Misdiagnosing the Human Rights Malaise: Possible Lessons from the Danish Chairmanship of the Council of Europe

Jacques Hartmann (Lead / Corresponding author)

Research output: Chapter in Book/Report/Conference proceedingChapter (peer-reviewed)peer-review

Abstract

Contemporary populism is antagonistic towards human rights. As a result, the challenges now facing the human rights movement are fundamentally different from those of the past. Yet, proposed remedies to this malaise often seem ill-conceived. Populists tend to claim that the institutions charged with the protection of fundamental rights not only limit the capacity of the people to exercise their rightful power but are also the source of a growing discontent with the system itself. This narrative is often uncritically accepted and leads to suggestions that human rights must be fundamentally reformed. Although intuitively appealing, such suggestions commonly lack support from empirical evidence. In addition, much of the debate seemingly starts from the premise that the public is fully informed. Using Denmark as a case study, this Note shows that existing assumptions may be questioned. It further suggests that it may be dangerous to propose a cure before the malaise has been properly diagnosed.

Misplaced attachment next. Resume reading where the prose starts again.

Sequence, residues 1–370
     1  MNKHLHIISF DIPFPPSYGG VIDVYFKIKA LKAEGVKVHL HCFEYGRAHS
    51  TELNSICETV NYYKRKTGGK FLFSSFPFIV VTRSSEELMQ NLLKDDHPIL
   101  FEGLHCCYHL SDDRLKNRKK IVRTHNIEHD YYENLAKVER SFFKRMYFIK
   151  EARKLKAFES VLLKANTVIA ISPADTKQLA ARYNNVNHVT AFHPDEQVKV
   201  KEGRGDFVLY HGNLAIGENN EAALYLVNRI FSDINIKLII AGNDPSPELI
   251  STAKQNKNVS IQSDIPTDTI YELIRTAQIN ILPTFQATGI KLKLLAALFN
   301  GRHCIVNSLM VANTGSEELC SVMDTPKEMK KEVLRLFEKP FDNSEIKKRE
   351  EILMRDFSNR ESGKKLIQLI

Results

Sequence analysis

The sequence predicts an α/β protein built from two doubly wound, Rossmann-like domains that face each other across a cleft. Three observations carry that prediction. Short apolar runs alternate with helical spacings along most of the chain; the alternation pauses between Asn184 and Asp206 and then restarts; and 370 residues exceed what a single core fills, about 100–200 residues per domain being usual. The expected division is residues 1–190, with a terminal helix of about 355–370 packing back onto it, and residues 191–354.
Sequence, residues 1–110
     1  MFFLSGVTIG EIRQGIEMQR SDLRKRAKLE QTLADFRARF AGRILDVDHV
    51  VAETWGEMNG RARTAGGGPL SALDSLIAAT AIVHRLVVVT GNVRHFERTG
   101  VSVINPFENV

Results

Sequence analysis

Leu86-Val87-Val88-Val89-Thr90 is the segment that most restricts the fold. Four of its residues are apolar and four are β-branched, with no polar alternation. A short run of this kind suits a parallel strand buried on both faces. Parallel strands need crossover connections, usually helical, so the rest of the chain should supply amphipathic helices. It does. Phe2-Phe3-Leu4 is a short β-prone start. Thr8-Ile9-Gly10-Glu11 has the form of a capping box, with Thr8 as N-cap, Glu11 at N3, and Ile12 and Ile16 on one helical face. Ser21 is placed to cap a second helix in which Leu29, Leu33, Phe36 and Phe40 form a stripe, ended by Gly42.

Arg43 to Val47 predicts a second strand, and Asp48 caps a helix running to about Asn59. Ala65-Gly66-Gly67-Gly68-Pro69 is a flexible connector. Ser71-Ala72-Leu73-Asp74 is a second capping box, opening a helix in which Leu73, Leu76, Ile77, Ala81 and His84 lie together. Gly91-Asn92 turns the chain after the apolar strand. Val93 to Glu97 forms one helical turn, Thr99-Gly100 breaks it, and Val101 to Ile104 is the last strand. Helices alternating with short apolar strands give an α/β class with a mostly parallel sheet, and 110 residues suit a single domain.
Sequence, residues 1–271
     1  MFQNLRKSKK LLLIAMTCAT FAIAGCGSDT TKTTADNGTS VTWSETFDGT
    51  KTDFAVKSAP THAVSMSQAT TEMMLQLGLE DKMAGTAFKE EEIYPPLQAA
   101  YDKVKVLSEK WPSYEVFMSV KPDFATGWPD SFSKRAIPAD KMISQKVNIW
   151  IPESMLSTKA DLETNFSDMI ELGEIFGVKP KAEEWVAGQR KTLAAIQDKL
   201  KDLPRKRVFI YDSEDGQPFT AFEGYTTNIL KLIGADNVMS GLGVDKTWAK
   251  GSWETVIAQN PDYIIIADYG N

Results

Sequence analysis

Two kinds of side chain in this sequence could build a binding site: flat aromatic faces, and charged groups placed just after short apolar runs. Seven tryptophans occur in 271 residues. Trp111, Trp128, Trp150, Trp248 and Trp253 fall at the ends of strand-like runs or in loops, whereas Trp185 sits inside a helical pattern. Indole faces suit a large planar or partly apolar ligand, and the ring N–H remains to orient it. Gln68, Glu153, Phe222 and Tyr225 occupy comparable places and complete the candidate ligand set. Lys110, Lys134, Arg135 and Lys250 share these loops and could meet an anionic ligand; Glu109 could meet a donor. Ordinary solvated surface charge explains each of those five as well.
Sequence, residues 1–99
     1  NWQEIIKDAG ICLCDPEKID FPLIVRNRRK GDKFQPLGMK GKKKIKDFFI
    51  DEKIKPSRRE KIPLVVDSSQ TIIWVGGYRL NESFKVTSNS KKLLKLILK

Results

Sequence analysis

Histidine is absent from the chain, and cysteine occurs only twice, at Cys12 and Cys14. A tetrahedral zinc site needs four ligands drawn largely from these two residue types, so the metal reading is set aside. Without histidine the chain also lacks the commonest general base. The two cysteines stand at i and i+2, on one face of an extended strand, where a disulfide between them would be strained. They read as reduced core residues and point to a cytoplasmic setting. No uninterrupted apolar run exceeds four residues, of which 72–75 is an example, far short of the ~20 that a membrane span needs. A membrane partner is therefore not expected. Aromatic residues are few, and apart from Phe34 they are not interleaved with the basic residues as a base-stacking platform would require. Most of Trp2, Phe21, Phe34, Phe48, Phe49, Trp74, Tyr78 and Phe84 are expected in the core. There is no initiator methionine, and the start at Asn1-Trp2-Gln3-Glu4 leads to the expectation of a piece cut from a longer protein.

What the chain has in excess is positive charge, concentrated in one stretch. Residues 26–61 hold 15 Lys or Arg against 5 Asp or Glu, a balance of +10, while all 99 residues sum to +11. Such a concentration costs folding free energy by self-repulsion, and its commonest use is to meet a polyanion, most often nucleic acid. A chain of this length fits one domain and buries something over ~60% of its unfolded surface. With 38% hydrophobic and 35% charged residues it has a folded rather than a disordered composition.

Original languageEnglish
Title of host publicationThe Global Community Yearbook of International Law and Jurisprudence 2018
EditorsGuiliana Ziccardi Capaldo
Place of PublicationNew York
PublisherOxford University Press
Chapter8
Pages153-163
Number of pages11
ISBN (Electronic)9780190072520
ISBN (Print)9780190072506
DOIs
Publication statusPublished - 2019

Publication series

NameThe Global Community Yearbook of International Law and Jurisprudence
PublisherOxford University Press
Volume2018
ISSN (Print)1535-9468

Keywords

  • Council of Europe chairmanship
  • Danish Supreme Court
  • ECtHR
  • human rights malaise
  • popular backlash

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